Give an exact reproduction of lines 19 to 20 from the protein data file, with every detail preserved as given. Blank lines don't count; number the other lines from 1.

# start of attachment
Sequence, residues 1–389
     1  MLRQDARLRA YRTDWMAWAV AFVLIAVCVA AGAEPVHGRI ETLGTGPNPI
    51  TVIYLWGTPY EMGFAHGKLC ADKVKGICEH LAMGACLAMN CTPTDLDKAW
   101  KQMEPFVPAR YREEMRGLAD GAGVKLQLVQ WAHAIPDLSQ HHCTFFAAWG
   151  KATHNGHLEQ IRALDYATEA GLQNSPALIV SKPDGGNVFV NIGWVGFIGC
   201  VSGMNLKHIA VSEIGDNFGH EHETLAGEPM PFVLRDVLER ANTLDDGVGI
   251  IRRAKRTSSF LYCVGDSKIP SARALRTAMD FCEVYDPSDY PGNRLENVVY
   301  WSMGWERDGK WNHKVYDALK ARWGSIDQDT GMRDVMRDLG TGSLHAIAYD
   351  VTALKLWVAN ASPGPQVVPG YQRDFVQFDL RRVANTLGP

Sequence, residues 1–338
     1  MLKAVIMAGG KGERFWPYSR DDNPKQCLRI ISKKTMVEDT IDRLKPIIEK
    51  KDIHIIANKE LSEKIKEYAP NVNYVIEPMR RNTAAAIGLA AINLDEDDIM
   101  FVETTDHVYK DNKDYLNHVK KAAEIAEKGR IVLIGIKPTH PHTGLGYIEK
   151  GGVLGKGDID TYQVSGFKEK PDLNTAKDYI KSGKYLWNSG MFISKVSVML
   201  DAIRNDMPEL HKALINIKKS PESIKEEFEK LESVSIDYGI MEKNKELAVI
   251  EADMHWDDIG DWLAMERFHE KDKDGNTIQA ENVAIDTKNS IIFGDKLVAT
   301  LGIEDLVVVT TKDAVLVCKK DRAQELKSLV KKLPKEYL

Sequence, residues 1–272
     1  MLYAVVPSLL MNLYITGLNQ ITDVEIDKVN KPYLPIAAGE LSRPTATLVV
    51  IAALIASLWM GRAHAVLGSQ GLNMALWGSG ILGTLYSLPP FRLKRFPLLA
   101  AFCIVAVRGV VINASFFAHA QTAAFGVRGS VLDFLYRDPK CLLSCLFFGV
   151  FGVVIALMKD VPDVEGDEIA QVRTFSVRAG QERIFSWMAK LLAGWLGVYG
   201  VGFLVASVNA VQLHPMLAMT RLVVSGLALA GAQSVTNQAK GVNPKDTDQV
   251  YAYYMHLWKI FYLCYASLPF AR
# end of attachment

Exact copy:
     1  MLYAVVPSLL MNLYITGLNQ ITDVEIDKVN KPYLPIAAGE LSRPTATLVV
    51  IAALIASLWM GRAHAVLGSQ GLNMALWGSG ILGTLYSLPP FRLKRFPLLA